We present a new combination of lenses and reflective surfaces for obstruction-free wide-angle imaging. The panoramic imaging system consists of a reflective surface machined into solid Perspex, which together with an embedded lens, can be attached to a video camera lens. Unlike vision sensors with a single mirror mounted in front of a camera, the...
Article
Full-text available
Fiddler crabs use elaborate, species-specific claw-waving displays to communicate with rivals and mates. However, detailed comparative studies of fiddler crab signal structure and structural variations are lacking. This paper provides an analysis of the claw-waving displays of seven Australian species of fiddler crab, Uca mjoebergi, U. perplexa, U....
Article
Full-text available
Understanding the evolution of animal signals has to include consideration of the structure of signal and noise, and the sensory mechanisms that detect the signals. Considerable progress has been made in understanding sounds and colour signals, however, the degree to which movement-based signals are constrained by the particular patterns of environ...
Article
What do visual neurons compute? A recent review [1 • Carandini M. • Demb J.B. • Mante V. • Tolhurst D.J. • Dan Y. • Olshausen B.A. • Gallant J.L. • Rust N.C. Do we know what the early visual system does?.J. Neurosci. 2005; 16: 10577-10597 • Crossref • Scopus (322) • Google Scholar ] states that current models of the primary visual cortex (V1) of...
Article
Full-text available
Effective communication is critically dependent on the successful transfer of information and, because environmental and social conditions can affect signal transmission, animals should be able to adjust their signals to optimize reliability. We show, apparently for the first time in a movement-based signal, that visual displays are adjusted with r...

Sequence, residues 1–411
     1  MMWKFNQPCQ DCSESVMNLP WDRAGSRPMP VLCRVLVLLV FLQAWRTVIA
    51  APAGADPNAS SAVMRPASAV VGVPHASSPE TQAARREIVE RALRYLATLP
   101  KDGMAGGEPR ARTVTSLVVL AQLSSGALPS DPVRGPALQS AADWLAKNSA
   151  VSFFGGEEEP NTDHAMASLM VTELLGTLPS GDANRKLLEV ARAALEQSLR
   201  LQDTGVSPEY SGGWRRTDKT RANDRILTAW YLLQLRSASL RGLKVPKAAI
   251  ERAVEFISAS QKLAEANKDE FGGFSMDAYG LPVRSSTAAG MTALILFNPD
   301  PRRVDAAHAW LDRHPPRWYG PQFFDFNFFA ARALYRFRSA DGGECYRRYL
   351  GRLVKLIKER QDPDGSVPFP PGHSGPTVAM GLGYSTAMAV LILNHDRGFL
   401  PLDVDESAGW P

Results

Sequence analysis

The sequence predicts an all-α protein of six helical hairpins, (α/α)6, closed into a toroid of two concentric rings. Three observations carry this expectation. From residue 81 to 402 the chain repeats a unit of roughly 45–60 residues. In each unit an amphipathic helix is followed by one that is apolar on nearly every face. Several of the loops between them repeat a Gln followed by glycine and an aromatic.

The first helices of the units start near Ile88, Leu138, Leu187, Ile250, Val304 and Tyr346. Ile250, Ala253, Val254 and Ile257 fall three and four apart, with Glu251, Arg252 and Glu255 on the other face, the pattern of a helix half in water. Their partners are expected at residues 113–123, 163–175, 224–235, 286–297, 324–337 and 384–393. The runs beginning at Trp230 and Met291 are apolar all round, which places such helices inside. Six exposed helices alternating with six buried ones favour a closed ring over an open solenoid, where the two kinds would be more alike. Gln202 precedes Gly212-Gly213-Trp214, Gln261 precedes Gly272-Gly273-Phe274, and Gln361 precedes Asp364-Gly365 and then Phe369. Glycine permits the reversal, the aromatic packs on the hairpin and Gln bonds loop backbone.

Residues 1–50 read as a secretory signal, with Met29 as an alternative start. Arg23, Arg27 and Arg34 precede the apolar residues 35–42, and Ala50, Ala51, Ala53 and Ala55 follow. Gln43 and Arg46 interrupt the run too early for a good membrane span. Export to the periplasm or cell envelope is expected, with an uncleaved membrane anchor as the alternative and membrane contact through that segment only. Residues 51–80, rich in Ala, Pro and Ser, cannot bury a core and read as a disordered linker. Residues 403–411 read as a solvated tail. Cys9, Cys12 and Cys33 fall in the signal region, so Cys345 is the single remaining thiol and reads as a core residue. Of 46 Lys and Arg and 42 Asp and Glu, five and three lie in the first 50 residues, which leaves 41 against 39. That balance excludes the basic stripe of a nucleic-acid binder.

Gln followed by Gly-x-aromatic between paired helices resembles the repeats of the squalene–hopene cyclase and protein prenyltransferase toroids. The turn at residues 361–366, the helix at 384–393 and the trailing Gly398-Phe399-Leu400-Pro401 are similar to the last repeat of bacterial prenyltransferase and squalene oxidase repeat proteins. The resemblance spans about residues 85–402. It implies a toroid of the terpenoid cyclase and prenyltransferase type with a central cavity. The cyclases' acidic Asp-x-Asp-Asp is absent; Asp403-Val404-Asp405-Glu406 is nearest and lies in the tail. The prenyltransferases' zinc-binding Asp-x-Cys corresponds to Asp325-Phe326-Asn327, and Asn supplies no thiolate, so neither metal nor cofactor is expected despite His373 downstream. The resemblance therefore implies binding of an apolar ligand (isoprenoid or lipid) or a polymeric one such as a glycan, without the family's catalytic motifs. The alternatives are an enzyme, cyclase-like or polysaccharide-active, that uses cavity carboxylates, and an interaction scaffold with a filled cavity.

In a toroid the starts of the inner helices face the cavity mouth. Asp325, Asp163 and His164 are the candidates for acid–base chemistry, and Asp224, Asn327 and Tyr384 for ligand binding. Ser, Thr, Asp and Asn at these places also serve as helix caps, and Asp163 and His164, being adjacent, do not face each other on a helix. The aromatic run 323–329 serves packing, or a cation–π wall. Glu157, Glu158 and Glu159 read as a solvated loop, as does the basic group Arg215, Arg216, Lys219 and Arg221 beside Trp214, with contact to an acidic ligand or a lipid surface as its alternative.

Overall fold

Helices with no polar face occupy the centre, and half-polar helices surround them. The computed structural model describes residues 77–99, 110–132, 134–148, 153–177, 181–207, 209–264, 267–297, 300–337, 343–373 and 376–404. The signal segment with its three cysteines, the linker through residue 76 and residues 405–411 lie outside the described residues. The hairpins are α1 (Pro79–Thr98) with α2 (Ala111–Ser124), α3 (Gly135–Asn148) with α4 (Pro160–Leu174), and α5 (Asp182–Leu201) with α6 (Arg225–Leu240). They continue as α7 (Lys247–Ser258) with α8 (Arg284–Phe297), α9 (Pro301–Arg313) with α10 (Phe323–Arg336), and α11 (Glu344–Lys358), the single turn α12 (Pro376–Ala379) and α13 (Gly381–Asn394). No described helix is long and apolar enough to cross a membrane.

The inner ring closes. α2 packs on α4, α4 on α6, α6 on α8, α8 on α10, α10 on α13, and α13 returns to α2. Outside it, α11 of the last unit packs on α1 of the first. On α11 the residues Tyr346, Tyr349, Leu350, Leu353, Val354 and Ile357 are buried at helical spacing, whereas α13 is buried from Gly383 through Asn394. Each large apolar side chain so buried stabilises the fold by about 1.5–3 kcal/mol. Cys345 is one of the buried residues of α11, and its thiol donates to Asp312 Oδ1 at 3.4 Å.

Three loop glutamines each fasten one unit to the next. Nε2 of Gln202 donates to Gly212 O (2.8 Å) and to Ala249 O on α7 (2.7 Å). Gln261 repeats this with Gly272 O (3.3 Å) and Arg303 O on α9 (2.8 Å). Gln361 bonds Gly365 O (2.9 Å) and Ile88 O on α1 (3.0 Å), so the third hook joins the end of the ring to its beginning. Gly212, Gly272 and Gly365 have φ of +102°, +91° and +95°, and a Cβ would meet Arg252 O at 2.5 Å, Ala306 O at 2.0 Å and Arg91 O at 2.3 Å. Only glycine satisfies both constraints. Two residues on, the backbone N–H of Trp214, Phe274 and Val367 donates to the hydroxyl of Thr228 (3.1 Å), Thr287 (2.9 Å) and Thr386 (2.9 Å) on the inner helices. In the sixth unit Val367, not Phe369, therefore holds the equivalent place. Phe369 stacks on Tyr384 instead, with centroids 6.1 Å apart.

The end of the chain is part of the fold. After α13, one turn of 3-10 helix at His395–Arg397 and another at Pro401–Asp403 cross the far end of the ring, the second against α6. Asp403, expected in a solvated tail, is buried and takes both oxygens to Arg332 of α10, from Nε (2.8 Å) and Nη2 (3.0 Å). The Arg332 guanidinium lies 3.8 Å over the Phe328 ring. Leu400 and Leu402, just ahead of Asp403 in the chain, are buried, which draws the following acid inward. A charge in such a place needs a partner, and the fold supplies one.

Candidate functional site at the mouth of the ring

Article
Full-text available
Animals relocating a target corner in a rectangular space often make rotational errors searching not only at the target corner but also at the diagonally opposite corner. The authors tested whether view-based navigation can explain rotational errors by recording panoramic snapshots at regularly spaced locations in a rectangular box. The authors cal...
Article
Full-text available
Two recent studies testing navigation of rats in swimming pools have posed problems for any account of the use of purely geometric properties of space in navigation (M. Graham, M. A. Good, A. McGregor, & J. M. Pearce, 2006; J. M. Pearce, M. A. Good, P. M. Jones, & A. McGregor, 2004). The authors simulated 1 experiment from each study in a virtual r...
Article
Full-text available
Social insects have evolved remarkable physiological adaptations and behavioural strategies that enable them to access new temporal foraging niches (for example [1 • Gehring W.J. • Wehner R. Heat shock protein synthesis and thermotolerance in Cataglyphis, an ant from the Sahara desert.Proc. Natl. Acad. Sci. USA. 1995; 92: 2994-2998 • Crossref • P...
Article
Animal signals are optimized for particular signaling environments [1-3]. While signaling, senders often choose favorable conditions that ensure reliable detection and transmission [4-8], suggesting that they are sensitive to changes in signal efficacy. Recent evidence has also shown that animals will increase the amplitude or intensity of their ac...
Article
Full-text available
To respond appropriately to communication signals, animals must have the ability to decipher signal meaning. At a basic level, interpreting the difference between territorial and courtship signals can be vital for the survival and reproduction of social animals. Male and female fiddler crabs communicate with claw-waving dis-plays, but the function...
Article
Panoramic image differences can be used for view-based homing under natural outdoor conditions, because they increase smoothly with distance from a reference location (Zeil et al., J Opt Soc Am A 20(3):450-469, 2003). The particular shape, slope and depth of such image difference functions (IDFs) recorded at any one place, however, depend on a numb...